The plant is a utoicous (female and male sexual parts in separate inflorescences on the same plant). Perigonia (male inflorescences) in small open buds on main stem or on short branches, ovate apiculate (abruptly short-pointed). Perichaetia (female inflorescences) sideways on main stem; inner leaves up to 2.2 mm long, oblong- or lanceolate-subulate, -convolute or -mucronate, abruptly apiculate; margins smooth to serrulate, eciliate (without hairy appendages); cells linear, flexuose above and larger below, smooth to weakly papillose; costa ends above apex in a long hair-point. Seta (stalk supporting the capsule) elongate, 10–18 mm long, red-brown below and yellowish above, twisted, glossy and smooth. Capsule 1.2–2 mm long, inclined to horizontal, curved, strongly asymmetric, high-backed, contracted below mouth, yellowish to orange and smooth. Exothecial cells (outermost layer of the capsule wall) irregularly angular or subquadrate-hexagonal, thin walled and stomata absent. Peristome (circular structure in mouth of capsule) perfect with insertion below the mouth; exostome teeth (outer part of circular structure in mouth of capsule) are yellow, yellow-red or yellow-brown, closely cross-striate (having cross bars) below, bordered, papillose and almost hyaline distally. Operculum (lid covering the mouth of the capsule) shortly conical to short-rostrate (with a short beak), convex-pointed and oblique. Calyptra (membranous hood covering the developing moss plant) cucullate (hood-shaped) and often closing below capsule when young, smooth and reddish brown at tip, becoming lighter to white below. Sporophytes (the spore-bearing moss plants) abundant and found throughout the year. Spores spherical, yellowish brown and slightly roughened.
Distribution and habitat
In southern Africa H. angustifolium is known from Limpopo, Mpumalanga, Gauteng, KwaZulu-Natal, Western Cape, Eastern Cape, Lesotho and Swaziland. This moss is found in forests, along streams, in open grassland, on roadsides, and at the base of walls. The substrates include rocks (granite, ironstone, dolerite, sandstone), concrete, soil, humus, tree bark, tree root and decaying logs. The plant prefers well drained, moist, damp or semi-dry situations in full sun, shade or partial shade at 250–3100 m above sea level.
Derivation of name and historical aspects
There are 15 species of Haplocladium (including H. angustifolium) that are widespread in tropical and temperate regions of the world. Another common species is H. microphyllum (Hedw.) Broth. which is widespread in neotropical montane and subtemperate regions in Europe and Asia. H. angustifolium is the only species of the genus known from southern Africa.
H. angustifolium occasionally grows in association with other plant species including species of Albizia, Buddleja, Salix, Podocarpus, Fabronia, Entodon, Fissidens, Rhynchostegium, Bryum, as well as Leucosidea sericea, Neckera valentiniana, Pelekium versicolor and Racopilum capense.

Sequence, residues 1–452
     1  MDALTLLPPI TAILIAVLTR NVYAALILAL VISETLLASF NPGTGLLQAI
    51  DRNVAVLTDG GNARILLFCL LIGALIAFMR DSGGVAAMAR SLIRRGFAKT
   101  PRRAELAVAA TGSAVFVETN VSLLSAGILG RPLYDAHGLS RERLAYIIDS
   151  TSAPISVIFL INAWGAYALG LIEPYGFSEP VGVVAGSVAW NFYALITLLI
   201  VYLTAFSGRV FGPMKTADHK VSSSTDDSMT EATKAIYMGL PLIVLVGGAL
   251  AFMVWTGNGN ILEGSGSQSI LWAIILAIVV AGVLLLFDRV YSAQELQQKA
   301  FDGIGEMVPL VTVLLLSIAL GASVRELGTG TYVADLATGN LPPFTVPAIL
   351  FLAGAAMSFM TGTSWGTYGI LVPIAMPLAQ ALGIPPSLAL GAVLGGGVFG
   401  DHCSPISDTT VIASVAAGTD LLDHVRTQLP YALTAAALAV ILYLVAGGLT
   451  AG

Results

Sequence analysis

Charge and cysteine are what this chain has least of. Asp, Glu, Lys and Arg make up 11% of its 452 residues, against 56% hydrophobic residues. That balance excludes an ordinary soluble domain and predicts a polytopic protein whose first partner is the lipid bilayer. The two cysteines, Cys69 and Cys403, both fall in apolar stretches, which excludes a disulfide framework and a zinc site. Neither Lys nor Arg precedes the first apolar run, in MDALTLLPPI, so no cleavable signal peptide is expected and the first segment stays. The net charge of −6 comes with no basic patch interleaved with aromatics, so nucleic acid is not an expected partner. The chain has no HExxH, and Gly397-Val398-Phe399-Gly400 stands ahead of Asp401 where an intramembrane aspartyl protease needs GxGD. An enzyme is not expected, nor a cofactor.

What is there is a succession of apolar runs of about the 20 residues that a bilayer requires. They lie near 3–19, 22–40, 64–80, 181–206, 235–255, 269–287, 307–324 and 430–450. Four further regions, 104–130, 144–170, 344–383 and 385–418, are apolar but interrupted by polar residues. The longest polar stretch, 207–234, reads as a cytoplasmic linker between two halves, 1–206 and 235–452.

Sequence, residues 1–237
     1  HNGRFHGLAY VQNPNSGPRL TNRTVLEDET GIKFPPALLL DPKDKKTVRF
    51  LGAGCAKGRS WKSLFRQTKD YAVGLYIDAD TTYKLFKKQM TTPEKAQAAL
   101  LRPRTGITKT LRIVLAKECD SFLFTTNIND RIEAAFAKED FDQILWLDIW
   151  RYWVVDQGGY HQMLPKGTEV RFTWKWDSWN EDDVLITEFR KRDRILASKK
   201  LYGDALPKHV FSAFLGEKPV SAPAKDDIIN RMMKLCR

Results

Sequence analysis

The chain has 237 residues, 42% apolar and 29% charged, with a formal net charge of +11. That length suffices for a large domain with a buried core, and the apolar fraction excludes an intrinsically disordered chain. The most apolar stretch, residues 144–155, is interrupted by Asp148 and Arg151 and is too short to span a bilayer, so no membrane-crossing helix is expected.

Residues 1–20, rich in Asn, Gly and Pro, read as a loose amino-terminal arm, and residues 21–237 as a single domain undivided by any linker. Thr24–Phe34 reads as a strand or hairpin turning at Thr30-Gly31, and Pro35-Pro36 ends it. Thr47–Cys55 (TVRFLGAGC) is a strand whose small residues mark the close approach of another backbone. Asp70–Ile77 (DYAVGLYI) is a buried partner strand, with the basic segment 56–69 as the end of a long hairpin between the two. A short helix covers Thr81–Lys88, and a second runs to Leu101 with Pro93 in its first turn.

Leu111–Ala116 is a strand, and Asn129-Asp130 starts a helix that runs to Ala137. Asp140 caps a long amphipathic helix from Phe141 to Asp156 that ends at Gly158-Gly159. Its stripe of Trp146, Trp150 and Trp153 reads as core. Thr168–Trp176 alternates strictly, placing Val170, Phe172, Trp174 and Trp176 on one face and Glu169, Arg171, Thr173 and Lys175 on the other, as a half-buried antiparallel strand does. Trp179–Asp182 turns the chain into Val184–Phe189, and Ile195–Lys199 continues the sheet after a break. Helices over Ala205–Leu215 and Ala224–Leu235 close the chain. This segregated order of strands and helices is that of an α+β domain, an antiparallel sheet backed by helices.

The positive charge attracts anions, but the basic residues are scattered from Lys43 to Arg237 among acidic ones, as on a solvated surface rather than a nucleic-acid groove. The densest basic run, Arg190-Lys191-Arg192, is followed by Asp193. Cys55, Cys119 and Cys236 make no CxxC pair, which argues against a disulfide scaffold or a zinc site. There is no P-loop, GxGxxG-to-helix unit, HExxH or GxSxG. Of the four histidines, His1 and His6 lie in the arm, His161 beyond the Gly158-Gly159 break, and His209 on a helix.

Uses and cultural aspects
There are currently no recorded uses of H. angustifolium for southern Africa but a species of the same genus, H. microphyllum, is used medicinally for tonsillitis, bronchitis, tympanitis and cystitis in China (Glime & Saxena 1991).
Growing Haplocladium angustifolium
Local information on cultivating mosses is lacking. However, for more information about the cultivation of mosses please visit the website or blog http://www.mountainmoss.com/blog of Annie Martin of Mountain Moss enterprises, North Carolina, USA. She is always happy to share her joy of mosses with others and would like to see moss gardens happen all around the world. In answer to my query she suggested that the same procedures used for the cultivation of pleurocarpic mosses (in which the spore-bearing plant is produced on the side, not at the end of the stem) like Thuidium delicatulum could be followed for Haplocladium angustifolium.
References and further reading
- Fang, Y.M. & Koponen, T. 2001. A review of Thuidium, Haplocladium and Claopodium (Musci, Thuidiaceae) in China. Bryobrothera 6: 1–82.
- Glime, J.M. & Saxena, D. 1991. Medicinal uses. Uses of Bryophytes : 31.
- Jewell, A.L. 1964. The observer's book of mosses and liverworts. Frederick Warne & Co. LTD. London.
- Sim, T.R. 1926. The Bryophyta of South Africa. Royal Society of South Africa, Cape Town.
- So, M.L. 1995. Mosses and liverworts of Hong Kong. Biological Department, Hong Kong Baptist University, Hong Kong.
- Touw, A. 2001a. A review of the Thuidiaceae (Musci) and a realignment of taxa traditionally accommodated in Thuidium sensu amplo (Thuidium Schimp., Thuidiopsis (Broth.) M. Fleisch., and Pelekium Mitt., including Aequatoriella gen. nov. and Indothuidium gen. nov. Journal of the Hattori Botanical Laboratory 90: 197–198.
National Herbarium, Pretoria